Money printing in developed economies worries China

17:10, November 03, 2010      

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The prospect of more liquidity flooding into the emerging markets due to the further relaxation of monetary policy in developed economies is causing concern in China, which is already under pressure of expectation of long term inflation.

The People's Bank of China, the central bank, warned in its report on Nov. 2 that enormous capital may flood into fast-growing emerging economies from developed economies, which are apparently poised to launch more stimulus actions to battle stagnation. As a result, emerging economies are facing mounting pressure of inflation and capital influx.

There are strong expectations on the market that the U.S. Federal Reserve will declare the second round of quantitative easing on Nov.4 after its two-day meeting.

The U.S. policy, once adopted, is "understandable" as it is designed to power the U.S. economic recovery, but that will lead to hot money flooding into other economies and cause pressure of local currency appreciation there, said Li Daokui, a Chinese economist and member of the Central Bank's Monetary Policy Committee.

Bank of Japan has declared recently it will retain its 0.1 percent interest rate and probably expand its asset purchase efforts if necessary to boost its economic recovery. Some analysts believe that the already strong Japanese yen could be pushed even higher by the Fed's quantitative easing, which would certainly hit the Japanese economy even harder. If this situation were to occur, Japan would have to do something to deal with it.

Britain and the euro zone will also announce the next step for their monetary policy soon, which will be affected by the Fed’s decision.

China has been wary about hot money inflows. The State Administration of Foreign Exchange, China's foreign exchange regulator, has recently repeatedly reiterated its determination on blocking hot money and stepped up efforts on cracking down on fraud in foreign exchange deals.

The trend toward further relaxing monetary supply in major economies contrasts sharply with the emerging economies’ efforts to tighten their monetary policy in the context of their inflationary problems. Australia and India have already both declared interest rate hikes on the same day — Australia by 25 basis points to 4.75 percent and India also by 25 basis points to 6.25 percent.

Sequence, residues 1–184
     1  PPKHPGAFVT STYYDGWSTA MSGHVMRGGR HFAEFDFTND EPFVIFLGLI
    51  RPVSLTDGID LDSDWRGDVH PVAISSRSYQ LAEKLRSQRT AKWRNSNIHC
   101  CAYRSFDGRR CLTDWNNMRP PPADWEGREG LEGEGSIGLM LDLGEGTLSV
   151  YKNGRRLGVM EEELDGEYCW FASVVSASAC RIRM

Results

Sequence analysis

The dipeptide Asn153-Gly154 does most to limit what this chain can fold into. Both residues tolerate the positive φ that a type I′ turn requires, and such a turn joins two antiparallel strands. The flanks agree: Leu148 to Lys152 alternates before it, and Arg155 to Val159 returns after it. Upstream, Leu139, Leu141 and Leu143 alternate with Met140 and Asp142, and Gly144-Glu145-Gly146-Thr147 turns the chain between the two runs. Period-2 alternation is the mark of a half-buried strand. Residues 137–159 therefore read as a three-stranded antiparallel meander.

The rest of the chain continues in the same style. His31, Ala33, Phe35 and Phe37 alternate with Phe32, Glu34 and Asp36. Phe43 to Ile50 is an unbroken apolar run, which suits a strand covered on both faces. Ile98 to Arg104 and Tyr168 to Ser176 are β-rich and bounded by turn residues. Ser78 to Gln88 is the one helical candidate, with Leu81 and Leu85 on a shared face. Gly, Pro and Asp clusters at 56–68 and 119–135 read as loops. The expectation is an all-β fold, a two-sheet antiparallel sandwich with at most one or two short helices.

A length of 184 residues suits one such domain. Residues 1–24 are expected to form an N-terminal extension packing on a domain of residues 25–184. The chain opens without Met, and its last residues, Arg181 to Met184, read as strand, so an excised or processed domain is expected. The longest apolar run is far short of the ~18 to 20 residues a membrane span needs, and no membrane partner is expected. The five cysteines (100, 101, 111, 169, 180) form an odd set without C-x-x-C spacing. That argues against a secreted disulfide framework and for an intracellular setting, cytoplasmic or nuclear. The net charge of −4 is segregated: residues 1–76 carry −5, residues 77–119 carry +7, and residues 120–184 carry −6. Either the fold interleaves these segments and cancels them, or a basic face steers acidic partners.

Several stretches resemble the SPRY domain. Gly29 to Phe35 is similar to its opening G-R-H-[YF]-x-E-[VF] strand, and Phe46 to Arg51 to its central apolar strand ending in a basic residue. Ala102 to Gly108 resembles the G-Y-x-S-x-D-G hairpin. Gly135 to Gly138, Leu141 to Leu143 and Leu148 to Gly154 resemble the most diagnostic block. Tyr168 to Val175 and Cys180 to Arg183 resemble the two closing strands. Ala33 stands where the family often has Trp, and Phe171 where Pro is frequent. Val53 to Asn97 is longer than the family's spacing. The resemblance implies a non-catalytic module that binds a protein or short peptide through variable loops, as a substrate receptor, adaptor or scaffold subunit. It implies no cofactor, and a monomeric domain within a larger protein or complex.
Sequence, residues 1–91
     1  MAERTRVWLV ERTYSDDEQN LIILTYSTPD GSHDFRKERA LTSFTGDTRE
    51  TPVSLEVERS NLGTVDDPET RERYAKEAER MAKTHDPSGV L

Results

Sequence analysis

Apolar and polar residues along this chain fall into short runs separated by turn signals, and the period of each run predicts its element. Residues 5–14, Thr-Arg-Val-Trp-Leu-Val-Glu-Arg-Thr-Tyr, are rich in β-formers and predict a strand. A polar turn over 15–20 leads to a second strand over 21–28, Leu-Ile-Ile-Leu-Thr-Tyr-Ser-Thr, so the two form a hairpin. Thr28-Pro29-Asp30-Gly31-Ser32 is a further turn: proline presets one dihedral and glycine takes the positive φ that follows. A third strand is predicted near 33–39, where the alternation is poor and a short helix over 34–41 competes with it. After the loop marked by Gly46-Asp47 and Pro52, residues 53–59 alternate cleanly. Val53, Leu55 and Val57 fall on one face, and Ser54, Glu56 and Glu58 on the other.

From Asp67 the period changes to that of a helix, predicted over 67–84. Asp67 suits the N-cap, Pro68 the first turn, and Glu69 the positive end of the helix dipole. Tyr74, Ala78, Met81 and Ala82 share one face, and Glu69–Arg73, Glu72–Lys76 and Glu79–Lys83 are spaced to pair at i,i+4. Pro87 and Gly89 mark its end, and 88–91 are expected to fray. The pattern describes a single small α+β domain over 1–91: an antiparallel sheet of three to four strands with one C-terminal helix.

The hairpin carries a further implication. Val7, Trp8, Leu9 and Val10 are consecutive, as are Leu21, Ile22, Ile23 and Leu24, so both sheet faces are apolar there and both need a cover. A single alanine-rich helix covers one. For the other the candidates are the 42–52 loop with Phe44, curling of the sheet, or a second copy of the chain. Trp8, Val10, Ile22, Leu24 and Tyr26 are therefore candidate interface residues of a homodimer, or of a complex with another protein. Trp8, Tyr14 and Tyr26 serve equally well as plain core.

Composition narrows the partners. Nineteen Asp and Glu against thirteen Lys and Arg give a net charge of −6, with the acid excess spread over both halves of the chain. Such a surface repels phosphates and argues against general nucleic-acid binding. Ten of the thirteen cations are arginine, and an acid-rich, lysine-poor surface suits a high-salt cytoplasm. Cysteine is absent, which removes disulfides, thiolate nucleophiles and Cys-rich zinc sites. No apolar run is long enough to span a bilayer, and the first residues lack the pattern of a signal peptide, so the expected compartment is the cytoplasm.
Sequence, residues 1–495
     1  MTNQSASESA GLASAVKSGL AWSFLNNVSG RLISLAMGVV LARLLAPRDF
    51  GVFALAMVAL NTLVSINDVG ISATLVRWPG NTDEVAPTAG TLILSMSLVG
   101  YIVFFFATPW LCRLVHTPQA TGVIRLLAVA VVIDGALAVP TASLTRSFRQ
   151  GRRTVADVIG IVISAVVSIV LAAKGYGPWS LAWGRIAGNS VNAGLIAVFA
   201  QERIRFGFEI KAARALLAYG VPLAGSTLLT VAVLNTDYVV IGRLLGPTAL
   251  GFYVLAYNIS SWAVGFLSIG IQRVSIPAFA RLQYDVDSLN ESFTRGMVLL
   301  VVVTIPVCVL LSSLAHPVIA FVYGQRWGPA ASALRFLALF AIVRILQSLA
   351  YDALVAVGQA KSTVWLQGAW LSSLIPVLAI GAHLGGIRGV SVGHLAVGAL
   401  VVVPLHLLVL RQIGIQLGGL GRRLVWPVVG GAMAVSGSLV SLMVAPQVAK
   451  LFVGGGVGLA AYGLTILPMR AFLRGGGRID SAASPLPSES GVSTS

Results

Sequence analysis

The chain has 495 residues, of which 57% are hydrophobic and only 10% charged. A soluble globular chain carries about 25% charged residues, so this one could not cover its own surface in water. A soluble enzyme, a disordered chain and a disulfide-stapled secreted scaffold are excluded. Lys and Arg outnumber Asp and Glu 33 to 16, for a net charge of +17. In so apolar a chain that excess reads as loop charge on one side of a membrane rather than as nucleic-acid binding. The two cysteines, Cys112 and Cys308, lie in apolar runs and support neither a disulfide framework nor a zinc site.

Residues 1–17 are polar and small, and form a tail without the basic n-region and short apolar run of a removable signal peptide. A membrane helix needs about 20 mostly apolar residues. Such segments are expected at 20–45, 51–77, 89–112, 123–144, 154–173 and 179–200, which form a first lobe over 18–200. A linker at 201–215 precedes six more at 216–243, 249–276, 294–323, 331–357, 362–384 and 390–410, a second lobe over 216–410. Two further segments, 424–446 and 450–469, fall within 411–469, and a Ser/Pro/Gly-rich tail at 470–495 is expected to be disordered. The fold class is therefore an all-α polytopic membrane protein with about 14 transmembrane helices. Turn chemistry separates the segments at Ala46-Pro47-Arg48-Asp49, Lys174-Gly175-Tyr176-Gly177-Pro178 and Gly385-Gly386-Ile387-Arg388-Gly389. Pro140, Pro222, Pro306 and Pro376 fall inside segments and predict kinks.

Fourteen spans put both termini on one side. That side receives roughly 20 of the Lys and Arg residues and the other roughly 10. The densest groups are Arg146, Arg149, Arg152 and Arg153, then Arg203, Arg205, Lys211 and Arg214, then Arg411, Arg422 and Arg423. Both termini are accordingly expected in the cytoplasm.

Emerging economies could probably see their prices rise robustly to 6.2 percent in 2010 and 5.1 percent in 2011, much higher than those in developed economies, according to the PBOC report.

Keeping prices at a stable level will be high on the agenda of China's central bank, according the report. In its another report on China’s macro-economic situation released recently, the central bank warns that rising grain prices, further reform of the resources pricing system and the uncertainties about commodity prices on the international market all combine to add upward pressure on prices in China.

There seems to be wide consensus that China's consumer price index, the indicator of inflation, will peak in October but will be controlled at well below 3.5 percent for the whole year. But the inflationary pressure is expected to stay much longer even when the CPI is down. Given that, China’s central bank has highlighted the importance of more efforts to reign in inflation expectations while it confirmed continued implementation of a moderately loose monetary policy.

That inflationary pressure is fueling expectations of interest rate hikes. Even the World Bank said today that China would need to increase its interest rate further. Some economists are echoing the World Bank’s suggestion. According to a report yesterday by Economic Information under Xinhua News Agency, Qu Hongbin, HSBC’s chief economist for China, and Lu Zhengwei, a senior economist with Industrial Bank, both see the possibility of more interest rate hikes within the year.

But others are cautious about when that would happen. Zhao Xijun with Beijing-based Renmin University said that by indicating that it intends to gradually normalize monetary policy, China believes its economy is in good operation and recovering to the position it held years before the global Financial Crisis.

However, he thinks it takes time for China to be back to normal after two years of implementation of stimulus-oriented monetary policy, and there is no timetable for that process.

Zhao Qingming, a senior researcher with Construction Bank of China, agrees that more careful consideration and observation are needed before any judgment can be made on whether a new round of interest rate hikes is imminent. He pointed out that growth and employment have been put on the higher agenda of China's monetary policy than price stability and balanced international payment.

Interest hikes will only happen when the existing purposes of monetary policy are changed and focus is placed on price stability. However, whether that change will take place soon is still subject to further observation, he concluded.

By Li Jia, People’s Daily Online


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